“Drácula” is the Spanish-shot version of the classic Universal Bela Lugosi flick. It was made during the same time, on the same schedule, but shot at night. Both films share sets, locations, and equipment, with each having their own unique cast and script.

As a life long fan of the Lugosi version, I can say honestly that the Spanish “Drácula” is the better film. The American “Dracula” is 75 minutes, while “Drácula” is 99 minutes.

“Drácula” is darker, more in depth, more sophisticated, and more dramatic. I thought it was perfect. The highlight of the film for me was Pablo Álvarez Rubio as Renfield. Somebody give this guy an Oscar! He was so entertaining, animated, and interesting.

Carlos Villarías was great as Drácula. He was as effective, if not moreso than Bela Lugosi. He carried the balance of charm and reserve well, against showing his teeth in a menacing growl. He creeped me out more than Bela ever has.

It’s strange to see a film for the first time that feels new and also as if I’ve seen it before. What an experience! “Drácula” is a true gem. I hope that someday it’s as widely recognized as an iconic classic as the American “Dracula” is.

4.0 out of 4.0 stars.

Film Reviews: “Maniac Cop 2” (1990)


Starring Bruce Campbell and Robert Davi.
Written by Larry Cohen (“It’s Alive 1-3″/ “The Stuff”/ “God Told Me To”)

Bruce Campbell returns as surviving NYPD cop Jack Forrest. Jack thinks that Maniac Cop-Matt Cordel is still alive somewhere. His boss doesn’t believe it and sends Jack to police therapy. Jack attends and sticks to his story. While walking home after the session, Jack stops at a newspaper stand when BLAM a knife shoots out his throat!

18 minutes in and Bruce Campbell is killed off?! WHAT THE HELL!!! What kind of shit is that?! Well, with Jack dead and more bodies turning up, Detective Sean McKinney begins investigating.

The film takes a “Bride of Frankenstein” turn with The Maniac Cop briefly befriending a local nut-job named Turkell. He tells Turkell (psychically?) in a flashback sequence, the story of how he was killed in prison and became a zombie cop. Interesting stuff…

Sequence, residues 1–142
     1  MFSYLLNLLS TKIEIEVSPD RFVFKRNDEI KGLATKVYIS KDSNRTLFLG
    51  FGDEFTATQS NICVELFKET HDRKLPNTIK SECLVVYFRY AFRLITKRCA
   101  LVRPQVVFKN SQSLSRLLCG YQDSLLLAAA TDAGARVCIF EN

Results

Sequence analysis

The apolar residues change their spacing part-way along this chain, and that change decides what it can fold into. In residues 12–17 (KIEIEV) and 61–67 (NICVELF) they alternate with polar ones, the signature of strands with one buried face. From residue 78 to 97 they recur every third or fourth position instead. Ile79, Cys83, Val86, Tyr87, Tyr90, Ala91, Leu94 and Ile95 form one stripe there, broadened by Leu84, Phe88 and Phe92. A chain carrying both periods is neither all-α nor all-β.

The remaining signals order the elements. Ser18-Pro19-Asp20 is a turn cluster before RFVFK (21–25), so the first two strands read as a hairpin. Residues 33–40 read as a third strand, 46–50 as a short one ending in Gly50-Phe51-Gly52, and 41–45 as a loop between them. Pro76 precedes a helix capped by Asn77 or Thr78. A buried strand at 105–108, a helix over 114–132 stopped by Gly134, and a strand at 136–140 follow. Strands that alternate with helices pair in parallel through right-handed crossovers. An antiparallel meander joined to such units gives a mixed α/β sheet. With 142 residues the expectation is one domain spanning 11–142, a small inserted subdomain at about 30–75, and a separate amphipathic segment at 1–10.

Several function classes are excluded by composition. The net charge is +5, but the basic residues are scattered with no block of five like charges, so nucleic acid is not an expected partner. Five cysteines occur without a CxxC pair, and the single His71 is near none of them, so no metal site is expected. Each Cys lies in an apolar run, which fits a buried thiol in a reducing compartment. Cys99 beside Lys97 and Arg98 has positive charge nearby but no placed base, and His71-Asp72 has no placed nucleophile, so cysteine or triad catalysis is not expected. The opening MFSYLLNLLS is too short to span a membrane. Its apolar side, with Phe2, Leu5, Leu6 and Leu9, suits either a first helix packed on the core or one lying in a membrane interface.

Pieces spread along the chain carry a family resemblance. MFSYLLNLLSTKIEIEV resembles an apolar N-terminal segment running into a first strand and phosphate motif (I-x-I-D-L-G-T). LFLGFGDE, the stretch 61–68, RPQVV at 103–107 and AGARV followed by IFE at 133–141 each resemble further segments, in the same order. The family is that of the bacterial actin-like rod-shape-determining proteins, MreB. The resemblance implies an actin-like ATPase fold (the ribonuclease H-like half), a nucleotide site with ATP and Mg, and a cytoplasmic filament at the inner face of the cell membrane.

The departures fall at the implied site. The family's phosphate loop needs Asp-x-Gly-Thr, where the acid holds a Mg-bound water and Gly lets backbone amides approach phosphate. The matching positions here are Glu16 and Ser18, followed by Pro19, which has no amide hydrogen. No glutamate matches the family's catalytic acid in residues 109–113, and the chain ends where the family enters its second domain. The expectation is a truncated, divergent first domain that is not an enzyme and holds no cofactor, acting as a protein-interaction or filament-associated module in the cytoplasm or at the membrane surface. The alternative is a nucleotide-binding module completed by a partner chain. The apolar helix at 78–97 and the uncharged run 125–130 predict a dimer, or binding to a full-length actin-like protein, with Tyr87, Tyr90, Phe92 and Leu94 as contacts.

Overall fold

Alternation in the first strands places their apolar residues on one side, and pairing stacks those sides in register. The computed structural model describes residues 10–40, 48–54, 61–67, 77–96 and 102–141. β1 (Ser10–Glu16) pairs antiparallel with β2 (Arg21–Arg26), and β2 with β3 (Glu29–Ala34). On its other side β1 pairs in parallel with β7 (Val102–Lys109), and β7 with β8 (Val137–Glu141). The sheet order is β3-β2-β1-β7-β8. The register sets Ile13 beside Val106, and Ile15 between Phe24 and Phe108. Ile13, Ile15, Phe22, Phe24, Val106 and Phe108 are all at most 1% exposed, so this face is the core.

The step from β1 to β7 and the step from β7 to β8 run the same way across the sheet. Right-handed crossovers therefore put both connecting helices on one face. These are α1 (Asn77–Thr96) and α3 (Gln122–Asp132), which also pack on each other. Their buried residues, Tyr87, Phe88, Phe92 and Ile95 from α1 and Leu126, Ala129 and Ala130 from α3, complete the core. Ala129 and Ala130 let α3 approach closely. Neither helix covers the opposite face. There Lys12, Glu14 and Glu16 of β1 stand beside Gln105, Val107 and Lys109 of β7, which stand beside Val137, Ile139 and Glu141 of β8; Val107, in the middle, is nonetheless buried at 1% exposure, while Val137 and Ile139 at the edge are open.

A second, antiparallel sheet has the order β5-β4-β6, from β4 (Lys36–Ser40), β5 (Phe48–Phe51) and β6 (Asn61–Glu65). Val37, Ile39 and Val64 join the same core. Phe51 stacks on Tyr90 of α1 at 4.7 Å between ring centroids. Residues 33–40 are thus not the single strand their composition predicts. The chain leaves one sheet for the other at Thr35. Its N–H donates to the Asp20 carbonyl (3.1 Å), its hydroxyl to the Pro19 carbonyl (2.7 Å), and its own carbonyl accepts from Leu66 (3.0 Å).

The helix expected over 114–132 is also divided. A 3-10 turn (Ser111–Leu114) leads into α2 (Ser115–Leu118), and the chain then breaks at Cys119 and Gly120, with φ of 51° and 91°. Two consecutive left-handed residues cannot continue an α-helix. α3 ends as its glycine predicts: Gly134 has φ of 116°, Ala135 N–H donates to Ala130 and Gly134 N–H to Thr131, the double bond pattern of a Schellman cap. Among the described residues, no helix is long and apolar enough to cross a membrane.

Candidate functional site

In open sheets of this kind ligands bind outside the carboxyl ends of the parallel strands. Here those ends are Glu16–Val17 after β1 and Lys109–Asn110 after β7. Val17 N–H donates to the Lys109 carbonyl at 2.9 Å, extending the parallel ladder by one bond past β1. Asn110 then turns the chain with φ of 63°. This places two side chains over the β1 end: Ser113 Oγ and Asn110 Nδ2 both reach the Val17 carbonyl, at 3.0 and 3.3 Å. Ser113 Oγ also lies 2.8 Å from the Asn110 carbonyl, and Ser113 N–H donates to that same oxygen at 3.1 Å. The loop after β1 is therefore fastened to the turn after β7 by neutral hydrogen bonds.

Turkell is reckless and gets himself arrested at a night club, which leads the investigation right to Cordel, or should I say, Cordel right to them!

Overall “Maniac Cop 2” is a step up from the first, with more action, more ridiculousness and an awesome rap song during the closing credits! A fun cheesy movie. I approve.

3.0 out of 4.0 stars.

Film Reviews: “Maniac Cop” (1988)


Starring Bruce Campbell and Tom Atkins.
Written by Larry Cohen (“It’s Alive 1-3″/ “The Stuff”/ “God Told Me To”)

A girl is walking the streets of New York alone at night. A group of thugs approach and chase her to an empty park. She spots a cop and runs up to him for help. He grabs her by the throat, lifts her up and breaks her neck. The thugs are terrified and run away. Thus we have our killer, the Maniac Cop. Tom Atkins stars as the Lieutenant on the case, while fellow cop Bruce Campbell is wrongly accused of the murders.
They must figure out who the killer is!

This is a fun and sometimes cheesy slasher flick with a body count. It’s an interesting twist to have the public scared of police in general, with no one to turn to or trust.

Tom Atkins is great as the detective. Wish he had done more films like this, “Halloween 3”, and “Night of the Creeps.”

2.5 out of 4.0 stars.

Film Reviews: “Lifeforce” (1985)


Directed by Tobe Hooper. A team of astronauts in deep space discover an artificial ship-like structure. Inside the structure the astronauts discover 3 perfect bodies encased in coffins. One female, and two males. All look young and healthy, but are they alive or dead? The bodies are taken back to a laboratory on Earth, when the female wakes up, kills several people vampire style, and escapes the facility! It’s Earth vs. The Space Vampires, but way less cheesy. Overall an enjoyable film with really neat effects. Patrick Stewart co-stars.

3.0 out of 4.0 stars.